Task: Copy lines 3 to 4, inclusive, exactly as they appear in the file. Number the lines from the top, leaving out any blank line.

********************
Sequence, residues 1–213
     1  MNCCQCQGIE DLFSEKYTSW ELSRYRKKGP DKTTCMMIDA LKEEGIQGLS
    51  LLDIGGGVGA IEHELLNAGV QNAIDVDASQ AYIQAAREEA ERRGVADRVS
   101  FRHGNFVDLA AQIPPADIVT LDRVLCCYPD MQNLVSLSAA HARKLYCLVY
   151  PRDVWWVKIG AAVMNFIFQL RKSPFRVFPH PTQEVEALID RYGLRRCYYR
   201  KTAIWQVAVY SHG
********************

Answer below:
    51  LLDIGGGVGA IEHELLNAGV QNAIDVDASQ AYIQAAREEA ERRGVADRVS
   101  FRHGNFVDLA AQIPPADIVT LDRVLCCYPD MQNLVSLSAA HARKLYCLVY